China discovers Ming dynasty boundary markers on Moon


The China National Space Administration has announced Wednesday that its Chang’e 4 space exploration mission discovered an inscribed stone tablet dating to the early Ming Dynasty (1368-1644) six days into the exploration of the far side of the Moon by the Yutu 2 rover. Official news agency Xinhua described the find as ‘the greatest archaeological development of the century and a tribute to space exploration with Chinese characteristics.’

The inscribed tablet, or stele, probably dates to Admiral Zheng He’s voyages, whenever they were. Professor Dang Kou from Peking University said he and several colleagues had suspicions that such maritime markers might be discovered by Yutu 2. ‘Previously, such steles have been found as far away as Sri Lanka. We already knew of seven other Zheng He stele’s, but now we found the eighth which is also good luck because the number eight is very lucky for the Chinese people. It’s just amazing to think how advanced Ming navigation was. We knew China had the greatest navy at the time, but we were uncertain they could sail all the way to the Moon and back.’

CNSA spokesman Da Fangpi said: ‘The steles have been preserved in nearly perfect condition thanks to the airless environment and the lack of mainland Chinese tourists who like to carve their names on ancient relics.’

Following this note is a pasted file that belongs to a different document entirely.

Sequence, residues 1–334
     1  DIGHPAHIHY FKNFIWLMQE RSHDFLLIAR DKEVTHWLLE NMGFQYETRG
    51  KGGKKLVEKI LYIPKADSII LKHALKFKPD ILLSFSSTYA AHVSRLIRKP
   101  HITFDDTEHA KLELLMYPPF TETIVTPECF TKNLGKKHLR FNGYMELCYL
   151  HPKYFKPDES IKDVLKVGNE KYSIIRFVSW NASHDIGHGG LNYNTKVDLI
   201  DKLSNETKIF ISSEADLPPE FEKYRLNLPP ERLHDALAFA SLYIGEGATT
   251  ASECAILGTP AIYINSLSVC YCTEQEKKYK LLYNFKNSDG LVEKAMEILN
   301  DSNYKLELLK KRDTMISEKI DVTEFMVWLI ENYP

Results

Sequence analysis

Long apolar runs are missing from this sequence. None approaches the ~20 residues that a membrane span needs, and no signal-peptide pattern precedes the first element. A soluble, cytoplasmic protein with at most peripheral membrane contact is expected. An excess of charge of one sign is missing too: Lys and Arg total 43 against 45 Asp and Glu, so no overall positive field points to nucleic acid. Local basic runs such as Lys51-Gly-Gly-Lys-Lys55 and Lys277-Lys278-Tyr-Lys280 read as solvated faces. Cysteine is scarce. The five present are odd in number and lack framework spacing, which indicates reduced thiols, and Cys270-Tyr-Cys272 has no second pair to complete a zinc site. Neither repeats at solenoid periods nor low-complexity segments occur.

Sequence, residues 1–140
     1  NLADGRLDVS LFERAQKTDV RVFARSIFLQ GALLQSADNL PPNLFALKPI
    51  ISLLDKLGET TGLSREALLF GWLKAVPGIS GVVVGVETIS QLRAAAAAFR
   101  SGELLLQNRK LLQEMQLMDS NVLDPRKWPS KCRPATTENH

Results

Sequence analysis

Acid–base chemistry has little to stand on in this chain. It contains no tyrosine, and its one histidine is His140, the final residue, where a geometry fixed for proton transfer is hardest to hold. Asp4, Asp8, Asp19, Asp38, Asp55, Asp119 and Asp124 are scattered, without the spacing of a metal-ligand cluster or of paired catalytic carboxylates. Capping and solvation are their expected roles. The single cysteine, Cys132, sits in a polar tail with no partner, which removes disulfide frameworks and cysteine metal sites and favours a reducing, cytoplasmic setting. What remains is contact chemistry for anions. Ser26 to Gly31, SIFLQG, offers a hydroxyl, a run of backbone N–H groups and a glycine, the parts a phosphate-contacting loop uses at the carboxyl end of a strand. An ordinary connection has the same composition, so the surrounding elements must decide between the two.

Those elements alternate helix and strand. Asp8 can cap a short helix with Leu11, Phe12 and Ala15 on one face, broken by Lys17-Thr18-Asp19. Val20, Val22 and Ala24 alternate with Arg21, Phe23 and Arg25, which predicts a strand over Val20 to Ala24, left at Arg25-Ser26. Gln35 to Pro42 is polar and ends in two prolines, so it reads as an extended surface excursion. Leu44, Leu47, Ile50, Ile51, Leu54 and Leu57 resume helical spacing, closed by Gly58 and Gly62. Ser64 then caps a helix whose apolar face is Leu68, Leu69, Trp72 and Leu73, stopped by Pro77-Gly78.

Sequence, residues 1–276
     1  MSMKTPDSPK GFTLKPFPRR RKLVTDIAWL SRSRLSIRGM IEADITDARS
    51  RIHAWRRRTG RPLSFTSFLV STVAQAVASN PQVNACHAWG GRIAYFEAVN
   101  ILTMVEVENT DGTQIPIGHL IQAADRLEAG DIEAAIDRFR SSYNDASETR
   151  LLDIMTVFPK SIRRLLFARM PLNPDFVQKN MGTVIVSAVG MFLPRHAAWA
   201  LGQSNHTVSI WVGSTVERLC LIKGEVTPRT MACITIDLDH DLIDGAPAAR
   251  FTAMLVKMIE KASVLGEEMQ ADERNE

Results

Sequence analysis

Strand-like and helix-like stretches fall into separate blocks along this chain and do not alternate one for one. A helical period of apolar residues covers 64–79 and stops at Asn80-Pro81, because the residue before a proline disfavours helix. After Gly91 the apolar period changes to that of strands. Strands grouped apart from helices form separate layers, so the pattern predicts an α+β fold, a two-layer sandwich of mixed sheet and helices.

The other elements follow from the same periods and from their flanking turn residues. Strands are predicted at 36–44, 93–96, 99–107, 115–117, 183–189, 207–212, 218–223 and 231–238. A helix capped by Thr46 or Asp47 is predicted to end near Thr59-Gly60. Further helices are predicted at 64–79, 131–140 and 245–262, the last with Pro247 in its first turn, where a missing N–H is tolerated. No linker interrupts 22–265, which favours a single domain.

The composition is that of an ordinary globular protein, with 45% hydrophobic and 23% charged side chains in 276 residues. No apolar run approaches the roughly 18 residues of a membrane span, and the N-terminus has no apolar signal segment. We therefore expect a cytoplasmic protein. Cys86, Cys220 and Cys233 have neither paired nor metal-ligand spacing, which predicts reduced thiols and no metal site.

This discovery has serious implications for territorial claims in the Solar System. China already has claims reaching across the South China Sea, which, if extended to the far side of the Moon, could increase its disputed maritime territory by as much as 384,000%. The fact that this will vary depending on the relative positions of the Moon and the Earth at the time may pose problems for Chinese school children – and girls – when they recite the circumference of China, but education authorities indicated that they would be happy to settle for the upper limit of the claimed territory.

The CNSA is now hard at work on a project to put a base on the Moon. This will be named ‘Lunar Palace’ and could be ready for habitation in 2031, according to Da Fangpi. However, Western analysts suggest a shortage of clean air in China may be a stumbling block for being able to export a breathable environment to the Moon.


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Posted: Jan 9th, 2019 by

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